Implementing Kubernetes Network Policies for SLATE applications

The SLATE team and collaborators continue to target security as a major focus. The SLATE team is configuring all the offered applications in the SLATE stable catalog with Kubernetes Network Policy hooks in the Helm deployment charts. As an application developer, being able to build this functionality into your application will make many site administrators much more comfortable with your application being used on their clusters.

Network Policy Definition

A Kubernetes NetworkPolicy is a special object which allows an administrator to provide constraints to a service or set of services deployed in a pod. The main use case for these in SLATE is to allow the creation of a white list of CIDRs that can access or be accessed by this application. Detailed below are instructions on how to implement such a thing in your application. Full details about network policies can be found here kubernetes documentation page.

Building a Network Policy

To explain how to build a Network Policy for a SLATE application, we will use the nginx application from the SLATE catalog as an example. The first changes are to the NGINX Values file, where the following is added to values.yaml.

NetworkPolicy:
  Enabled: false
  AllowedCIDRs: 
    - 0.0.0.0/0

The first setting, Enabled, defines wether or not a network policy is created. By default this is false and no policy is created. The second setting is the list of CIDRs whitelisted by the network policy. The default CIDR of 0.0.0.0/0 creates a policy that allows all traffic.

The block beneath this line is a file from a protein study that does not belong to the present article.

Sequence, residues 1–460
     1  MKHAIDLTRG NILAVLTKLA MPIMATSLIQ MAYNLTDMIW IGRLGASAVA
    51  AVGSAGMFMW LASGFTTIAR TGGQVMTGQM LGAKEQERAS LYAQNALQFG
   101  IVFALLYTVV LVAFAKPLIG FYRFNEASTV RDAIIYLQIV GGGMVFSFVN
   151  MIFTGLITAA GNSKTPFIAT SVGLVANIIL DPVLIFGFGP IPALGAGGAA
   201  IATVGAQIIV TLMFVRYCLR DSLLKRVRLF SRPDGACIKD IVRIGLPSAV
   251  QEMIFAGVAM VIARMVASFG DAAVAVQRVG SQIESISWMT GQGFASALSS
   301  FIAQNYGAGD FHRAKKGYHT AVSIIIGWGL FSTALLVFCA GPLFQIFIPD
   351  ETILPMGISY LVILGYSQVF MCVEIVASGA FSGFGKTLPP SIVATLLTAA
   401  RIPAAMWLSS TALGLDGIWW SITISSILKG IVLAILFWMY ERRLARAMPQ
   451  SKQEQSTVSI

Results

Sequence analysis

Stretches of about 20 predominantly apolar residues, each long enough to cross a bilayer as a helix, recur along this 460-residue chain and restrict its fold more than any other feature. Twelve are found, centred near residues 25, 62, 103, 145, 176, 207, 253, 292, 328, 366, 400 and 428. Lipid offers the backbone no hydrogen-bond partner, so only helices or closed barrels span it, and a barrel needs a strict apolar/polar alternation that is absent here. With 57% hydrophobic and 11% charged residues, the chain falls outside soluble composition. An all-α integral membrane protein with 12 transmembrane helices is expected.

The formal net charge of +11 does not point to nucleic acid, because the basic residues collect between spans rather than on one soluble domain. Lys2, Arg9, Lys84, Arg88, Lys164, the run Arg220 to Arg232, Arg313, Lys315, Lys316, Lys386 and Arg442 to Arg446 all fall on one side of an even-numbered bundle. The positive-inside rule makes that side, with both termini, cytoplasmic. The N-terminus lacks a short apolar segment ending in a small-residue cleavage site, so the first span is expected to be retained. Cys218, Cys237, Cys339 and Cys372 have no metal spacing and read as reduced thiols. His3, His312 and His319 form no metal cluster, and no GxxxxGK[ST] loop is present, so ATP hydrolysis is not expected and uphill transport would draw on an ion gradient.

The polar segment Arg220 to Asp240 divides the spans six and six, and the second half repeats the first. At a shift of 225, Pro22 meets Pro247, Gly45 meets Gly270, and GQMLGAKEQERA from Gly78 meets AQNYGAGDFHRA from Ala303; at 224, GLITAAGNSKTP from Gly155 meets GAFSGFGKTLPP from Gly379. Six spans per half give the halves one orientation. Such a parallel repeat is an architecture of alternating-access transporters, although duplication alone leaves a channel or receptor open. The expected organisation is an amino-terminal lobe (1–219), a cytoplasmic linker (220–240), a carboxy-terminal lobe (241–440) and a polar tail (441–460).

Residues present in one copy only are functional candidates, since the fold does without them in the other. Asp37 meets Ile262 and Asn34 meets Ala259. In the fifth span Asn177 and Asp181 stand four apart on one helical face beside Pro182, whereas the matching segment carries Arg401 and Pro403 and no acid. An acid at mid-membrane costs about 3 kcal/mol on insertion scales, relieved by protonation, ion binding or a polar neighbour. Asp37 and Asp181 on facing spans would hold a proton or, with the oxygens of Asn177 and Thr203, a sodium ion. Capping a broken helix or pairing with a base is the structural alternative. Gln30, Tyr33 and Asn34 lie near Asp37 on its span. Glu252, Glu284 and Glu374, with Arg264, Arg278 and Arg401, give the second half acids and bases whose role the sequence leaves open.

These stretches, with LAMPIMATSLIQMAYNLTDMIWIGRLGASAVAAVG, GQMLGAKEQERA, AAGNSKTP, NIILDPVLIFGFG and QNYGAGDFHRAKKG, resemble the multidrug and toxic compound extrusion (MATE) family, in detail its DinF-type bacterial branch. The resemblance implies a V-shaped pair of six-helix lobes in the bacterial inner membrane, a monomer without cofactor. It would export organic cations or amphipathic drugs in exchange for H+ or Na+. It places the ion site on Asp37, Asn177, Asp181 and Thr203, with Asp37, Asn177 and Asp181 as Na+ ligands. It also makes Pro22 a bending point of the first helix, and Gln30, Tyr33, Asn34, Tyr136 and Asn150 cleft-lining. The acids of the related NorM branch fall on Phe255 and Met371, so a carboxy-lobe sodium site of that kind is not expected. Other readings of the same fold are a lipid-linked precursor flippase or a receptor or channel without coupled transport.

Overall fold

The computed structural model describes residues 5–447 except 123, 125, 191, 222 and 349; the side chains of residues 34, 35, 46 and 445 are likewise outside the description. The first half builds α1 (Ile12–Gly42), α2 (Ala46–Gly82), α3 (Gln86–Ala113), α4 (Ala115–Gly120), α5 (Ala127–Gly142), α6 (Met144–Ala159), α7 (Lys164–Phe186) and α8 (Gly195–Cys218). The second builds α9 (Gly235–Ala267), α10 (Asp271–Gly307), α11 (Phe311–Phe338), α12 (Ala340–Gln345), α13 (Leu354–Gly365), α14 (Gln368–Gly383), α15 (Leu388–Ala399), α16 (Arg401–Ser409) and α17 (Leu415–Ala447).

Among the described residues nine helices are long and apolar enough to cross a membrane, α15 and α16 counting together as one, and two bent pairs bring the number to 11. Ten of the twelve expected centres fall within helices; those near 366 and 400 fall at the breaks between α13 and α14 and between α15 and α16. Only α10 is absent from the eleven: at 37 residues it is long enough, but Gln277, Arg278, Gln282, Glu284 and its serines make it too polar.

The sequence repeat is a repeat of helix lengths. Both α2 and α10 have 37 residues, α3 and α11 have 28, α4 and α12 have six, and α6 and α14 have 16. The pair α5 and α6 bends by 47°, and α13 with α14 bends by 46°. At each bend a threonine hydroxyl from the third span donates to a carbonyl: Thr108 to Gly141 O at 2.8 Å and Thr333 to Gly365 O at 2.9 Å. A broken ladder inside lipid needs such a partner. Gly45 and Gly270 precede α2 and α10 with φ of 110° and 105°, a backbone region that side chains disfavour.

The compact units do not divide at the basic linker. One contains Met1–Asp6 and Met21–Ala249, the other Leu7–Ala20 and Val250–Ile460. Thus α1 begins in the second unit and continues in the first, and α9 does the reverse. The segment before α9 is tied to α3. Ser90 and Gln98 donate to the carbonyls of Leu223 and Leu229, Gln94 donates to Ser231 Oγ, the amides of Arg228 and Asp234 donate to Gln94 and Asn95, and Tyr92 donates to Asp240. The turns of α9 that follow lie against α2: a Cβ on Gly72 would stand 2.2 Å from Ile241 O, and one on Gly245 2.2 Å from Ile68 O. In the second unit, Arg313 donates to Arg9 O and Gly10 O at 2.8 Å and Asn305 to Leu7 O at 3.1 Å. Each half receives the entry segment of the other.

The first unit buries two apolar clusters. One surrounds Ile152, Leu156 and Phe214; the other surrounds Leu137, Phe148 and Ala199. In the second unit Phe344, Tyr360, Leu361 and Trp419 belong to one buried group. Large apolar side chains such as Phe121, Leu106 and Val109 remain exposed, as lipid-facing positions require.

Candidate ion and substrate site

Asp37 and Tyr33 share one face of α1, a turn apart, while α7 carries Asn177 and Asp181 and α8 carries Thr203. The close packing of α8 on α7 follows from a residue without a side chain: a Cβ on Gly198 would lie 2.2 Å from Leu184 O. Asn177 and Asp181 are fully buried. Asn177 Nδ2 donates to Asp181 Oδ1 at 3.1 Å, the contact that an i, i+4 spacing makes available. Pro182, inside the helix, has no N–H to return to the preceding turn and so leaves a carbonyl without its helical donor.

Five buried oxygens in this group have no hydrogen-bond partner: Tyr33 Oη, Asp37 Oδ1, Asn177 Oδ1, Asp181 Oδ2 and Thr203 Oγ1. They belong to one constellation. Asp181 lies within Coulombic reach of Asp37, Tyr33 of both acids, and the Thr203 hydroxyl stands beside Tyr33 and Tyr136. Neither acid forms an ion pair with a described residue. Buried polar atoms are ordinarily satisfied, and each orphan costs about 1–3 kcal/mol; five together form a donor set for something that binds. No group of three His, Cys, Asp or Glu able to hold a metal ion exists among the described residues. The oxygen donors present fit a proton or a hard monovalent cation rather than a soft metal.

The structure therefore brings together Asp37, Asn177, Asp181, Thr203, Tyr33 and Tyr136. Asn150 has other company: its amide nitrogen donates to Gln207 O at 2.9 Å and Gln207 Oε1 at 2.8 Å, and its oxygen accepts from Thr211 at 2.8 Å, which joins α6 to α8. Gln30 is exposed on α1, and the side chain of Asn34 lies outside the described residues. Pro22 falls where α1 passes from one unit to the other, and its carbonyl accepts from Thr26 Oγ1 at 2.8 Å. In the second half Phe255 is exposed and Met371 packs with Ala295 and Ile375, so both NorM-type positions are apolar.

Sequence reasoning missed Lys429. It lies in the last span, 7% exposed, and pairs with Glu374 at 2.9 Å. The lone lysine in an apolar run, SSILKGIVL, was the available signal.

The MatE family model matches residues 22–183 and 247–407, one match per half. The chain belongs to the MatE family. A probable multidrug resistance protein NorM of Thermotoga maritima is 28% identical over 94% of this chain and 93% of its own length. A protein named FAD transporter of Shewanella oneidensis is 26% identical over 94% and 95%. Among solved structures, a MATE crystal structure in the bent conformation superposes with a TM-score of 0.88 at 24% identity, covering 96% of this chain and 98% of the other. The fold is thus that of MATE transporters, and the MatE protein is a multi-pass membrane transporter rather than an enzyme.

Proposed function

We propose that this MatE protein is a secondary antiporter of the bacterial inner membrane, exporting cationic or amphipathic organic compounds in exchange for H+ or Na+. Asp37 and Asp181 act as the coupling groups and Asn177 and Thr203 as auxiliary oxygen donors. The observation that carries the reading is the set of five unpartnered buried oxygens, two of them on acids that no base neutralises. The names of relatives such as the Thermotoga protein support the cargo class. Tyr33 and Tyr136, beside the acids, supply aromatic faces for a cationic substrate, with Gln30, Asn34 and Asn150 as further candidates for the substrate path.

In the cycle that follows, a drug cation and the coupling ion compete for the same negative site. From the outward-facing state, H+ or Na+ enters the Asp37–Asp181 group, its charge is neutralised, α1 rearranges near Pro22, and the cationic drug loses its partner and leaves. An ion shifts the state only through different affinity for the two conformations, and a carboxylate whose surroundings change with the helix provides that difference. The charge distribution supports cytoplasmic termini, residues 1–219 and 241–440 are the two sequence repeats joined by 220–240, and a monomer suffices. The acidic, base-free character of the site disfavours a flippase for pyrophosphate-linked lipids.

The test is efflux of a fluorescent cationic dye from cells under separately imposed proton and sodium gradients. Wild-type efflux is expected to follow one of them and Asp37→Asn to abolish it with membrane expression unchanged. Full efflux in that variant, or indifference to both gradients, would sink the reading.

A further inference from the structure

The other piece of building a Network Policy for a SLATE application is the Network Policy template. This entire template is wrapped in the following go templating if statement: `` This is what makes the enabled setting work the way it does. If enabled is set to false, the rest of this template will not be built. Next comes the metadata for the policy. This will largely be based on your application metadata, but an example of the basic structure can be found below.

apiVersion: networking.k8s.io/v1
kind: NetworkPolicy
metadata:
  name: {{ template "nginx.fullname" . }}
  labels:
    app: {{ template "nginx.name" . }}
    chart: {{ template "nginx.chart" . }}
    release: {{ .Release.Name }}
    instance: {{ .Values.Instance | quote }}

Once you have the metadata set up its time to write the specification of the network policy. First we need to create a PodSelecter, the section of the network policy that tells it what pods the rules defined in the policy should pertain to.

 podSelector:
    matchLabels:
      app: {{ template "nginx.name" . }}
      chart: {{ template "nginx.chart" . }}
      release: {{ .Release.Name }}
      instance: {{ .Values.Instance | quote }}

Above is the pod selector for the nginx network policy. It uses a set of labels defined in the nginx deployment to match this network policy to the pods created by that deployment. Finally there is the part of the network policy that defines the rules of the policy. For our applications we want to whitelist a list of CIDR’s set by the user in the values file. To trigger that behavior, we do the following

  policyTypes:
  - Ingress
  - Egress
  egress:
  - to:
    {{- range .Values.NetworkPolicy.AllowedCIDRs}}
    - ipBlock:
	  cidr: {{ . }} 
    {{- end }}
  ingress:
  - from:
    {{- range .Values.NetworkPolicy.AllowedCIDRs}}
    - ipBlock:
	  cidr: {{ . }}
    {{- end }}

The go templating range piece can be thought of as a for loop over the list created in the values file. The {{ . }} section is replaced by whatever the current object in the list being itterated over is, in this case the current CIDR being looked at. Therefor this part of the network policy creates an ipBlock for each cidr listed in the values file for ingress and egress, making it only possible to access this application if you are operating from an IP address in the specified CIDR.

The SLATE Team